You need a story......!!! You need something to talk about. Saying "We're doing some gigs and finishing the album" is not a story. If you don't have something to say its harder for the PR / plugger to sell you. Also press need something to write about.

When sending out promo packs a simple CD in a plastic sleeve with a double sided inlay with art work, sleeve notes, contact info and web links. Also put a printed sticker on the sleeve with the release and artist name, release date and web and contact info. This is very handy for the DJ when on air it also gives the producer instant info on the release etc..

Spell check... have one or two others proof your press release and web content.

Coordinate your Physical and online campaign! Make sure that you up date all your online profiles with your release information and make sure it is the same across all platforms.

Some tools & sites I use. - set up a FAN PAGE - Artist Profile - Manage all social networking profiles - Set up an artist channel, record some video - push your video content to all video sites at once - sell or give away your music. All bands/artist should use this site - check play list for up and coming releases.
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17-11-2010, 00:35   #24
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Hey all i just got signed to a small record label in Germany, very excited! Recording the E.P (4 track) in January.
Any tips on which radio stations to approach to hopefully give some tracks much needed irish airtime??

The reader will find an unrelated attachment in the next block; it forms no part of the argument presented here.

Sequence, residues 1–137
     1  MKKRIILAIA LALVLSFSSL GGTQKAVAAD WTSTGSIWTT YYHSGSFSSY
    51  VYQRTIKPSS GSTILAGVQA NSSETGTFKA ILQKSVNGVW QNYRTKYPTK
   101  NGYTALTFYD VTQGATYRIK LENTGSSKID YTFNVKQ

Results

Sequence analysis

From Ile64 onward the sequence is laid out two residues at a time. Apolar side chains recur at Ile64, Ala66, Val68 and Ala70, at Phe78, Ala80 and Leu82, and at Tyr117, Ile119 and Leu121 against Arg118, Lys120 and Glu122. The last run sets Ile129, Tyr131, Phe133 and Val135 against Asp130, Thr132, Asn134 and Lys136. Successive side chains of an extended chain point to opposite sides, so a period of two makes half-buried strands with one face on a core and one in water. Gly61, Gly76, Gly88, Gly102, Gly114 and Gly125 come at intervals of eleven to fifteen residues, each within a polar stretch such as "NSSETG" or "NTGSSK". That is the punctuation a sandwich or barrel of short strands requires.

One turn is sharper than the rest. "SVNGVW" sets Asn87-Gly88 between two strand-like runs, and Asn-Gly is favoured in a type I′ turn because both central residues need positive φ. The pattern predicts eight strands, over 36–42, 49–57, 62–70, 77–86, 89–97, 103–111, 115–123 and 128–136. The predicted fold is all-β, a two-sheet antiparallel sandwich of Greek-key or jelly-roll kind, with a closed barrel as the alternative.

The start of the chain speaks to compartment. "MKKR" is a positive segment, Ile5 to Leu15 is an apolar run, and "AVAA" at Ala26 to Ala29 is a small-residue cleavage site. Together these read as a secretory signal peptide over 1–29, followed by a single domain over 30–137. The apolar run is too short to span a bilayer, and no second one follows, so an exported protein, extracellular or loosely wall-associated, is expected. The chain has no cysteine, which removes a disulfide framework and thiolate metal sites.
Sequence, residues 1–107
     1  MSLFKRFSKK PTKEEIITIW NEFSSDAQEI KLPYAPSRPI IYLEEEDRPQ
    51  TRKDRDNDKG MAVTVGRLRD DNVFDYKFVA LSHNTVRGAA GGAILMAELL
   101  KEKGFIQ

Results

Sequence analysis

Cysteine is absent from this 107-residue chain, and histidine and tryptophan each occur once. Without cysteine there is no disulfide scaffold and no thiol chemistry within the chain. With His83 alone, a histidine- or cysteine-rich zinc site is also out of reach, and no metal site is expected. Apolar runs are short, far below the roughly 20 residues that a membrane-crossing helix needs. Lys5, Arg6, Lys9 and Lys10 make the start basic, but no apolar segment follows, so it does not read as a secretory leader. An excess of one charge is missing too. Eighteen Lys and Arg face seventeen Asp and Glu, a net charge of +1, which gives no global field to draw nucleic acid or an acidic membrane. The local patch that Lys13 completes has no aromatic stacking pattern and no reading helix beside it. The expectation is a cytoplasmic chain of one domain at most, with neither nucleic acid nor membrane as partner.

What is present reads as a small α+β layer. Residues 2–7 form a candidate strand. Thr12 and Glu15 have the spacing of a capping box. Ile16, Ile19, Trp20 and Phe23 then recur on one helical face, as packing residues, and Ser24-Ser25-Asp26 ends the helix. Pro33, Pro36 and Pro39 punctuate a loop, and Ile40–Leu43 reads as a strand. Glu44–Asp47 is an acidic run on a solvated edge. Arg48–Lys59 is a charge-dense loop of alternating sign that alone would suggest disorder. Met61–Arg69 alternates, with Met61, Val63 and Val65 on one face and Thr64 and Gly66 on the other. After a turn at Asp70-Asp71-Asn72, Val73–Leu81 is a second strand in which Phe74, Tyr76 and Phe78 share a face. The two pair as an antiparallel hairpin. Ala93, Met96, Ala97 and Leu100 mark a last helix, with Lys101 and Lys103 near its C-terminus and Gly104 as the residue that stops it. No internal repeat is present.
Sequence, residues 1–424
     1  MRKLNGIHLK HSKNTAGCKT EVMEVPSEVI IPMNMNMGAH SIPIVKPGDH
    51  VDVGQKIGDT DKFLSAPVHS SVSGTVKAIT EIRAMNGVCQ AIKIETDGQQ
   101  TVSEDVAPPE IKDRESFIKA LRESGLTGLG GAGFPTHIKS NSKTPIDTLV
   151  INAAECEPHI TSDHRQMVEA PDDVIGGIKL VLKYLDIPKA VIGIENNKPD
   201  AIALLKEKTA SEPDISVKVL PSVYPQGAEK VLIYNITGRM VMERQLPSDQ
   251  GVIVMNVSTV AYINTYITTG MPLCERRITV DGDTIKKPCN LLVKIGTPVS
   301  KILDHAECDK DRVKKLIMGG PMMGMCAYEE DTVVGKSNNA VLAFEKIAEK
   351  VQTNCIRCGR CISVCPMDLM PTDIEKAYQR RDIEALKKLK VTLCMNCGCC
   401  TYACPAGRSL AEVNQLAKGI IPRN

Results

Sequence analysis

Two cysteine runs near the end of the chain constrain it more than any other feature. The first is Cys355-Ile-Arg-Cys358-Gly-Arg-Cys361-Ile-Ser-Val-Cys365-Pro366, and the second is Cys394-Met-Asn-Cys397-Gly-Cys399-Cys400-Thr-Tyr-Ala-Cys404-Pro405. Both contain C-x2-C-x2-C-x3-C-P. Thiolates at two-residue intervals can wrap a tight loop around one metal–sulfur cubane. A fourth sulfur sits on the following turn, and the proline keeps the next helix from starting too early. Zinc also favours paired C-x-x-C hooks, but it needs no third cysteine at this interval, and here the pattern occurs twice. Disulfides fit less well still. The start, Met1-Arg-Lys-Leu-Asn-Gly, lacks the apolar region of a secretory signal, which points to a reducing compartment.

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23-11-2010, 23:40   #25
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get some good, but not bank-breaking pr. they'll get the media/radio/tv stuff done. a good solid manager to book shows and start making you money. easier said than done, but if you need contacts i'll give you a few.

you'll need to be committed to it. be prepared to put in about 3 hours a day in emailing and phoning etc. might be annoying and testing at the start, but you'll start seeing results in no time.

don't do anything half arsed. take yourselves seriously, but have fun too. maintain a good, professional website/myspace/facebook etc. keep it all tidy and easy to navigate. get a good website. makes all the difference to the professionals who'll be looking at you.

consider giving it away as a free download if it's your first release. it'll stir some waves and spread by word of mouth. is good for this!

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15-12-2010, 01:15   #26